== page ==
Personnel Recovery 

Will the U.S. negotiate Bowe Bergdahl's release?

Individuals claiming to represent the "Afghan Taliban" have made two public offers to swap Bowe Bergdahl, the U.S. Army private from Hailey who has been held captive in Afghanistan since June 30, 2009, for militants held by the United States. But U.S. military officials will not say if the offers are real or if they are pursuing a trade.

The idea of a prisoner swap was briefly debated after Idaho Rep. Walt Minnick endorsed the idea on Nate Shelman's local AM talk radio show, which airs on 670 KBOI.

"What the family is hoping for and what I'm hoping for is some kind of prisoner exchange that, down the road, might release him," Minnick told Shelman.

Minnick, who declined through a spokesman to further discuss his comments with Boise Weekly, clarified his position to the Idaho Statesman, saying that he'd like to see discussion of an exchange remain part of the military's overall efforts to locate and free Bergdahl.

"My first choice is that we can free him militarily without him getting injured. I don't simply want to abandon him to his own devices in a hostile land where his options are limited. Would I talk to them? You bet," Minnick told the Statesman.

Discussion of prisoner trades is rare in the United States, and foreign policy experts say it's unlikely in Bergdahl's case.

"The fact that the guy is a soldier makes it extremely unlikely that there's going to be some kind of exchange," Steven Simon, a senior fellow at the Council on Foreign Relations who has written extensively about international relations and the Islamic world, told BW by phone from London.

Simon weighed in on the idea of prisoner swaps in a November 2009 op-ed for The New York Times, writing that in the case of an Israeli soldier being held by Hamas, the benefits to Israel of facilitating an exchange far outweigh the costs of "rewarding terror."

Simon also pointed out in the Times, that while U.S. foreign policy allows for negotiations with terrorists, but not concessions, when it comes down to it, the United States has not been above concessions either: The United States provided weapons to Iran in attempts to free hostages in Tehran in the mid-1980s.

Another military and foreign relations expert whom BW contacted declined comment and even encouraged BW not to pursue the story, suggesting that the mere discussion of a prisoner exchange fuels Taliban propaganda. The U.S. military also calls the three videos that have been released depicting Bergdahl a form of propaganda.

"The insurgents who hold Bowe are obviously using him as a means to ultimately cause pain to his family and friends. It continues to reflect the cruel tactics designed to deceive the Afghan people and the international community of their true intentions," stated U.S. Navy Rear Adm. Gregory Smith, director of communication for NATO's International Security Assistance Force in Afghanistan.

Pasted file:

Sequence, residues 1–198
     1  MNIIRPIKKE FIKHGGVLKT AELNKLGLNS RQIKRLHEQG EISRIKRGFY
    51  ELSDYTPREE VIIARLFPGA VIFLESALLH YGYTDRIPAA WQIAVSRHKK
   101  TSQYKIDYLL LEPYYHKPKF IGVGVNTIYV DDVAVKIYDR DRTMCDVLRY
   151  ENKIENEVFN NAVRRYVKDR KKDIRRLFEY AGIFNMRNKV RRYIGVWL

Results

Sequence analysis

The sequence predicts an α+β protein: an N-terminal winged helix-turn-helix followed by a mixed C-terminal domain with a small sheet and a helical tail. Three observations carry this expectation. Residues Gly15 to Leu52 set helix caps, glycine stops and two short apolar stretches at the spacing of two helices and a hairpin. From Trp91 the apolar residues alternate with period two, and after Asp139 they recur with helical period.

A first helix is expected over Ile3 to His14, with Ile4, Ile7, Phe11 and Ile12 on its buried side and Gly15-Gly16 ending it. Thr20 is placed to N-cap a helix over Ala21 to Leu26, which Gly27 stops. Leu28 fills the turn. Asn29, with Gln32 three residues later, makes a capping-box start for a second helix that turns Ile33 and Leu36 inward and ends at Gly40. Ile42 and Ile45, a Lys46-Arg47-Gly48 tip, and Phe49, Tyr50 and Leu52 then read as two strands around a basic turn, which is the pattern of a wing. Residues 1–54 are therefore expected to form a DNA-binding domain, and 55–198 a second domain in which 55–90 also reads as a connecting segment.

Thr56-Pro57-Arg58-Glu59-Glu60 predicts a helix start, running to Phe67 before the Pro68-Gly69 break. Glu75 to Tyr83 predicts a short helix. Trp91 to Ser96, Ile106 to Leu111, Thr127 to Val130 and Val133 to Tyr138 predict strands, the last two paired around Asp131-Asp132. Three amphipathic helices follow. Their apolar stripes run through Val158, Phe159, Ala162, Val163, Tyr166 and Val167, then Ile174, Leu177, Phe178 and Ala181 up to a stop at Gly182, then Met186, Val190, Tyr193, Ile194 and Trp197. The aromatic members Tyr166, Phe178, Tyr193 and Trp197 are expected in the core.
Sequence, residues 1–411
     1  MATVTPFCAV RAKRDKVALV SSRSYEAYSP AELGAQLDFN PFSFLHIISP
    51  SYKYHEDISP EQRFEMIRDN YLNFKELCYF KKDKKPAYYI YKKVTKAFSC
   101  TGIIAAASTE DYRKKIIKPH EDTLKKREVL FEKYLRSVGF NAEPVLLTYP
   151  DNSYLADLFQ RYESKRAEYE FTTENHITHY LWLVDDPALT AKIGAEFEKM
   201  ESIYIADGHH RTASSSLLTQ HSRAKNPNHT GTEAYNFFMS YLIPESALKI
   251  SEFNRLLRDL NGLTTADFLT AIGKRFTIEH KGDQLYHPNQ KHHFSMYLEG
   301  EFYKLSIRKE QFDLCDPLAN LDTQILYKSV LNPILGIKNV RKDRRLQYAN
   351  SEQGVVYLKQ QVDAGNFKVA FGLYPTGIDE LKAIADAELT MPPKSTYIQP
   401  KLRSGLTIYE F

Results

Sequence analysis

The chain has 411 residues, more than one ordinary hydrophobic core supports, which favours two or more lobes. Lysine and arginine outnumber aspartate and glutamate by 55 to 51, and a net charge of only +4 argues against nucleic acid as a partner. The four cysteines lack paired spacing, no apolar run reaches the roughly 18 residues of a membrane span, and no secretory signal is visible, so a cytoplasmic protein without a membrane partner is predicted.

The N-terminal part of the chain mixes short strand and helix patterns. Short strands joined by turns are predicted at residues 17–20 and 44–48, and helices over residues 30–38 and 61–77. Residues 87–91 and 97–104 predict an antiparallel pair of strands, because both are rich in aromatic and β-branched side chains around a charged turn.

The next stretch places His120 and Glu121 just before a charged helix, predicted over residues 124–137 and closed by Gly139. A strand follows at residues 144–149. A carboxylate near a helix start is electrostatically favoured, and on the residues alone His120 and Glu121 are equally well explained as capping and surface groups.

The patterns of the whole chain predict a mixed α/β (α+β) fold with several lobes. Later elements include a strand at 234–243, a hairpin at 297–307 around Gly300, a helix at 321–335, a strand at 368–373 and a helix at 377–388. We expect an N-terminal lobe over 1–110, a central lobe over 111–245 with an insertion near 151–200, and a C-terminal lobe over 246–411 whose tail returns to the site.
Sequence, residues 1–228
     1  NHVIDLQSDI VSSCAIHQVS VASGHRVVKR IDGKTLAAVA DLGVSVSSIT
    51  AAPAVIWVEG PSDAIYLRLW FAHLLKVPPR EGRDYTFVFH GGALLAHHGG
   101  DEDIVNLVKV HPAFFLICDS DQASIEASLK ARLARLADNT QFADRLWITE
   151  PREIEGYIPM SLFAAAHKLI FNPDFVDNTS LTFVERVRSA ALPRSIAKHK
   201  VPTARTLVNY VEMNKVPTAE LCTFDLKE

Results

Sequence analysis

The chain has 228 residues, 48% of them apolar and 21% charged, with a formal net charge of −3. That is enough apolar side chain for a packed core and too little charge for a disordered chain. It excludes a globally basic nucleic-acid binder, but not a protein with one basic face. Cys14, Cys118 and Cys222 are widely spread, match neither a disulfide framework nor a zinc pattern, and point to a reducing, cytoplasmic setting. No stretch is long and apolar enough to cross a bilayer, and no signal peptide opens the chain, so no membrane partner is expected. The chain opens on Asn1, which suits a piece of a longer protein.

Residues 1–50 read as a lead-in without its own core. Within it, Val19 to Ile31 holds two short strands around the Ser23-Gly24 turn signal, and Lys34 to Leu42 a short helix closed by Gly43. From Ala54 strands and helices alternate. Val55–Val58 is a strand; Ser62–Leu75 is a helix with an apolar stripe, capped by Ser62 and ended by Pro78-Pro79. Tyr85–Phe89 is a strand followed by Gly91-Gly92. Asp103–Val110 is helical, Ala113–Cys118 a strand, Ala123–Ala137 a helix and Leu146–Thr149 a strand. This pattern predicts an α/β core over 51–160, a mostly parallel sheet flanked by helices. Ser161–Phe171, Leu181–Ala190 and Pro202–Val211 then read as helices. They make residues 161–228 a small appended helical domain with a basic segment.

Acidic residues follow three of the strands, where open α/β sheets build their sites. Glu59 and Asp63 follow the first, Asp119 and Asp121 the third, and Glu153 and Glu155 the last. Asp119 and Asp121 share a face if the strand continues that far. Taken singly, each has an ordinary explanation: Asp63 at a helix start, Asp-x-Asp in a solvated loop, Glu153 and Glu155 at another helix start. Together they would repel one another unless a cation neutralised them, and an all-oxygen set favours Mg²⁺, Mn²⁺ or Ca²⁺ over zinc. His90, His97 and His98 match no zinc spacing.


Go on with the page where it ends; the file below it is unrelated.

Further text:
Several military spokespeople in Boise, Washington, D.C., and Kabul declined to comment on the apparent offers for a prisoner exchange. BW could not confirm that the offers are even from viable groups or those holding Bergdahl.

A Feb. 5 article at, an English language Pakistani news portal, cited an anonymous "Afghan Taliban" commander and a spokesman, Zabihullah Mujahid, demanding the release of Aafia Siddiqui--convicted in February in U.S. Federal Court of attempted murder and assault for grabbing a rifle and firing it at Americans who were attempting to interview her in an Afghan police station--and other unnamed militants held by the United States. And a recent video of Bergdahl, released by a group calling itself the Mujahideen of the Islamic Emirate of Afghanistan, also names Mujahid in demanding the release of a "limited number of prisoners" for Bergdahl.

Idaho Sen. Mike Crapo visited Afghanistan in January and asked top U.S. officials as well as Afghan President Hamid Karzai and Ashfaq Parvez Kayani, chief of staff of the Pakistani army about Bergdahl.

"The general reaction I had to that is that Bowe Bergdahl is definitely not forgotten," Crapo told BW.

Though he offered no specifics, Crapo said all the officials he asked had similar information about the recovery operations for Bergdahl, indicating a united effort to locate him.

While more than 15,500 people have signed on to a Facebook page supporting Bergdahl and the town of Hailey has kept his name in the spotlight, adorning city streets with yellow ribbons, Simon said that the U.S. government does not face the same kind of public pressure to negotiate for Bergdahl's release that the Israeli government faces for its missing soldier, Gilad Shalit, who has been held captive since July 2006. Israel, which has completed at least seven prisoner exchanges since 1983, according to Simon, has even considered trading thousands of Palestinian prisoners for Shalit, though no deal has yet been reached.

"Even where there's an expressed willingness to make a deal, the particulars of the deal really matter," Simon said.

Israel is a much more compact society with a conscripted army, whereas most Americans do not even personally know a soldier, he said.

But many people in Hailey know Bergdahl or his family. Cory Ruch met Bergdahl in 2002 or 2003 when they took a fencing class together in Ketchum. Later they worked at the same Hailey coffee shop, Zaney's River Street Coffee House, which became a hub for international media when news of Bergdahl's capture broke last year.

Ruch gets at least one question a day at the coffee shop about Bergdahl and tells people he only knows what he sees online.

"I know he's too tough to let anything happen to him," Ruch said "He is going to make it back safely."

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